#311: Thomas Cranmer Martyred

“This unworthy right hand.” John Foxe reports archbishop Cranmer’s martyrdom.

Acts and Monuments (Also known as Foxe’s Book of Martyrs) by John Foxe. “The Death of Thomas Cranmer.” Introduced by Stephen Tomkins. Edited for the web by Dan Graves.


In this passage several elements in the Reformation come together. In his book, Foxe has just reminded readers that Cranmer as Archbishop of Canterbury under Henry VIII was largely responsible for the creation of the Protestant Church in England. And then, under Edward VI, it was Cranmer who wrote the Protestant Book of Common Prayer which has been the backbone of the English Church. But now we come to Queen Mary’s time and the re—establishment of Catholicism. Because of his part in procuring Henry’s divorce from Catherine of Aragon, Cranmer was the number—one target for the bonfires of Catherine’s daughter, “Bloody Mary.”

Cranmer was not a natural martyr, unlike some of those who went to their death in the same years. His story is an interesting and very human one.

But the passage is important because of the author too. It is one of the famous stories from Acts and Monuments, Foxe’s bestseller of the century which tells the story of Christian martyrs from the first century until Mary’s time, showing that those who died under Mary were not heretics getting their come—uppance, but the latest in a long line of holy heroes who have always suffered at the hands of cruel antichristian oppressors. The book was phenomenally successful in turning ordinary English men and women away from Catholicism towards Protestantism.

As you read, ask yourself why it had such an impact. Also think about how much of what you read is simply reporting what happened and how much is Foxe’s spin on the events.

Archbishop Cranmer

The death of Edward, in 1553, exposed Cranmer to all the rage of his enemies. Though the archbishop was among those who supported Mary’s accession, he was attainted at the meeting of parliament, and in November adjudged guilty of high treason at Guildhall, and degraded from his dignities....

A calumny was now spread against Cranmer that he complied with some of the popish ceremonies to ingratiate himself with the queen, which he dared publicly to disavow, and justified his articles of faith. The active part which the prelate had taken in the divorce of Mary’s mother had ever rankled deeply in the heart of the queen, and revenge formed a prominent feature in the death of Cranmer....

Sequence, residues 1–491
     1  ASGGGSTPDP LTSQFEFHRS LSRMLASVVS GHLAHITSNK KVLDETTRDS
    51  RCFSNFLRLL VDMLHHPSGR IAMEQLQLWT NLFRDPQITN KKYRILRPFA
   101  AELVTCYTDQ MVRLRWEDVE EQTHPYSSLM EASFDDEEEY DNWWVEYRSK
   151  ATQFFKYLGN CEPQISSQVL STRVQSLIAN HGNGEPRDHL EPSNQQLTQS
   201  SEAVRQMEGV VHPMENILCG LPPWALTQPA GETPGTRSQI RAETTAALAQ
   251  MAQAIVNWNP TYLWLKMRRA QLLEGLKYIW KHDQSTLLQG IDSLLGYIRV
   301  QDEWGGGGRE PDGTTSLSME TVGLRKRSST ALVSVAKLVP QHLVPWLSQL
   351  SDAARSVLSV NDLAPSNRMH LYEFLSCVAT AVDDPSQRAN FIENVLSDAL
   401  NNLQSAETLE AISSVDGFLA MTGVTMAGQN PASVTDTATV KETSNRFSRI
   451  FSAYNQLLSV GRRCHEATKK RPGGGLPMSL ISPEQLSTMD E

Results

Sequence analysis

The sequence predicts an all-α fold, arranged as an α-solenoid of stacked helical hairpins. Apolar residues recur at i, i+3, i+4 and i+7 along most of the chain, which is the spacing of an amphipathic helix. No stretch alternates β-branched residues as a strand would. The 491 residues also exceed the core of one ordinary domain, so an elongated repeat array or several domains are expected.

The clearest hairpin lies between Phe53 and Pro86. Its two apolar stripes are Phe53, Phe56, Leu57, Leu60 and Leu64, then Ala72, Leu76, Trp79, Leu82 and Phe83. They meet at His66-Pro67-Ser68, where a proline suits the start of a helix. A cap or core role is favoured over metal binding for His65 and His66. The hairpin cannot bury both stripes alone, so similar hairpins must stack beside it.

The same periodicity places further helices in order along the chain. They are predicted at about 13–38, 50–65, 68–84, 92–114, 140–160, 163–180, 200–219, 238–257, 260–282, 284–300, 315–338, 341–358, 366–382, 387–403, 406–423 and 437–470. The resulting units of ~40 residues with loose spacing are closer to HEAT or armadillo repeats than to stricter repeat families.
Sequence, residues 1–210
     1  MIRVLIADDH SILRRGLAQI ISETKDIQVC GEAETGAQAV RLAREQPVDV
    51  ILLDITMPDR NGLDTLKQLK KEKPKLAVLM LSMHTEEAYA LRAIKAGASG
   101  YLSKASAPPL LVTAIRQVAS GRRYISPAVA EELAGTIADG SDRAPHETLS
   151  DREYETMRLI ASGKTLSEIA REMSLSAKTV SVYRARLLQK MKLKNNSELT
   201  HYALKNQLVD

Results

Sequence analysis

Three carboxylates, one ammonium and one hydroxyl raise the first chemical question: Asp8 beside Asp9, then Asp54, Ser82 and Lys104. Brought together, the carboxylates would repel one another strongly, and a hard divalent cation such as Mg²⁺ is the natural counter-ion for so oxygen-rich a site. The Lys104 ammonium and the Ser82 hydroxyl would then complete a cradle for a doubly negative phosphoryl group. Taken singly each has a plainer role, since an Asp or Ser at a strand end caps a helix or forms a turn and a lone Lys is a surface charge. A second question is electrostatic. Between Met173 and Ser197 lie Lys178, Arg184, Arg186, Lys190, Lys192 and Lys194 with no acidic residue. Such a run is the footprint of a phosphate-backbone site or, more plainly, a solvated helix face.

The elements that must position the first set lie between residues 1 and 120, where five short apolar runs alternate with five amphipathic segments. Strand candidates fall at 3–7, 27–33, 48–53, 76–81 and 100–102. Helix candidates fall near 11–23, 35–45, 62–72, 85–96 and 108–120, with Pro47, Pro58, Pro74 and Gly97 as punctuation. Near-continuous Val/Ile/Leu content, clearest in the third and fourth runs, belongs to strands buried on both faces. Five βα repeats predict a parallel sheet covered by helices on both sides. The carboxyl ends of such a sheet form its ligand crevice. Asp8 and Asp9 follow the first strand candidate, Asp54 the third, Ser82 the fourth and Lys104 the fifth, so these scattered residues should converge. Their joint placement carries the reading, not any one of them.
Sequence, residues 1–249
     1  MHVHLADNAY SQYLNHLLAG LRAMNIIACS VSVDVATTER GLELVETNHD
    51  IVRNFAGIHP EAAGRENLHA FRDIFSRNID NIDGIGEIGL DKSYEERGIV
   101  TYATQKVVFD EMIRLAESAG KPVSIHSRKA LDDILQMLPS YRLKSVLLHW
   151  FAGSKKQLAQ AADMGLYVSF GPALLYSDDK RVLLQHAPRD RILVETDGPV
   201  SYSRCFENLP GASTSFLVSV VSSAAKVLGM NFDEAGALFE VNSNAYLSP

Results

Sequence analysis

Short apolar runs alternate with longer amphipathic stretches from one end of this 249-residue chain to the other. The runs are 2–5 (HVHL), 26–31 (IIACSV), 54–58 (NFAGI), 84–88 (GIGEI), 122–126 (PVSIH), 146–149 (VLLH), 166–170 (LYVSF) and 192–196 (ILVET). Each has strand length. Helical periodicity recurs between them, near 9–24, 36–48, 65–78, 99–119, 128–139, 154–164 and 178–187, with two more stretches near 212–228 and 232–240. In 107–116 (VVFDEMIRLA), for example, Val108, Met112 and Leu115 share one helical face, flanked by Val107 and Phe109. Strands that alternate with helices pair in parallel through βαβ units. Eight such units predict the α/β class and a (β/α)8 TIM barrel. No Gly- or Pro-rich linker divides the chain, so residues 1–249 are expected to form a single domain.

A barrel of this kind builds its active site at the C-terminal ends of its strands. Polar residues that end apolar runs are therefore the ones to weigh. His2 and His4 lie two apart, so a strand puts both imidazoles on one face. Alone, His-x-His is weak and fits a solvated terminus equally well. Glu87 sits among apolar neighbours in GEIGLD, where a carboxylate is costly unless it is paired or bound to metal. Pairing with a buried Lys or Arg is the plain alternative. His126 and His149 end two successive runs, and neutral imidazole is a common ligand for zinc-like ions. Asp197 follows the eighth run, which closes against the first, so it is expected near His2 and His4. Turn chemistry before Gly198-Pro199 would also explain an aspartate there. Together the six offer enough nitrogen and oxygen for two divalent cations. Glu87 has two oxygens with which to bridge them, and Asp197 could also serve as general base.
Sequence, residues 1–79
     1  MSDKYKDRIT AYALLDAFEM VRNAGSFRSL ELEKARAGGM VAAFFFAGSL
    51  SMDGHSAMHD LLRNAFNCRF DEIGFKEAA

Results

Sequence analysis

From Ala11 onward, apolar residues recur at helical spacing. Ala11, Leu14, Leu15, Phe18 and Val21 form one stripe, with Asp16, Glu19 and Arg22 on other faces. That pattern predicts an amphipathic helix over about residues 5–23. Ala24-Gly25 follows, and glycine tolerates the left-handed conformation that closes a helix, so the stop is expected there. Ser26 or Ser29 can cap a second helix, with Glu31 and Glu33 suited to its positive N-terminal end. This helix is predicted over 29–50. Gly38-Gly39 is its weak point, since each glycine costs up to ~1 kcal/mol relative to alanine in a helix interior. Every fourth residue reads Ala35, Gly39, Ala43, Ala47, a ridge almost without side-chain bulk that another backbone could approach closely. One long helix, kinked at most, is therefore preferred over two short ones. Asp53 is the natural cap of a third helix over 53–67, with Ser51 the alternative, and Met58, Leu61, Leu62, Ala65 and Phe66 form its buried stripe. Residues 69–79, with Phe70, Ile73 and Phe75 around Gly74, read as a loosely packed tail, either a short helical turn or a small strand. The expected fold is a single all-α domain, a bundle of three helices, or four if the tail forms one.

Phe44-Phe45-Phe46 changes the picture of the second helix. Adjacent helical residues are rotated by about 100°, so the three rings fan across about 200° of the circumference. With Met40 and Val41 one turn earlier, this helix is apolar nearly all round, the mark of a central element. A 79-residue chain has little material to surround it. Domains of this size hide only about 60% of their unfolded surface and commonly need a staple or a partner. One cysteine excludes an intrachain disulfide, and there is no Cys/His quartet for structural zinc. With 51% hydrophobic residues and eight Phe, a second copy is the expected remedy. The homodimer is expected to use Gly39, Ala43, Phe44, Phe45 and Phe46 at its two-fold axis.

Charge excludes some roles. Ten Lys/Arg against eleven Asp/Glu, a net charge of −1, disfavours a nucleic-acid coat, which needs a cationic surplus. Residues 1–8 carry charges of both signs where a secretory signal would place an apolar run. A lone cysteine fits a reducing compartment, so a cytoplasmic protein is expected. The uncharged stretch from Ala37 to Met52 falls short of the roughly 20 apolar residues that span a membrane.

Cranmer was condemned at Rome, and on February 14, 1556, a new commission was appointed, by which, Thirlby, bishop of Ely, and Bonner, of London, were deputed to sit in judgment at Christchurch, Oxford. By virtue of this instrument, Cranmer was gradually degraded, by putting mere rags on him to represent the dress of an archbishop; then stripping him of his attire, they took off his own gown, and put an old worn one upon him instead.

This he bore unmoved, and his enemies, finding that severity only rendered him more determined, tried the opposite course, and placed him in the house of the dean of Christchurch, where he was treated with every indulgence. This presented such a contrast to the three years’ hard imprisonment he had received, that it threw him off his guard. His open, generous nature was more easily to be seduced by a liberal conduct than by threats and fetters. When Satan finds the Christian proof against one mode of attack, he tries another; and what form is so seductive as smiles, rewards, and power, after a long, painful imprisonment? Thus it was with Cranmer: his enemies promised him his former greatness if he would but recant, as well as the queen’s favor, and this at the very time they knew that his death was determined in council. To soften the path to apostasy, the first paper brought for his signature was conceived in general terms; this once signed, five others were obtained as explanatory of the first, until finally he put his hand to the following detestable instrument:

I, Thomas Cranmer, late archbishop of Canterbury, do renounce, abhor, and detest all manner of heresies and errors of Luther and Zwingli, and all other teachings which are contrary to sound and true doctrine. And I believe most constantly in my heart, and with my mouth I confess one holy and Catholic Church visible, without which there is no salvation; and therefore I acknowledge the Bishop of Rome to be supreme head on earth, whom I acknowledge to be the highest bishop and pope, and Christ’s vicar, unto whom all Christian people ought to be subject.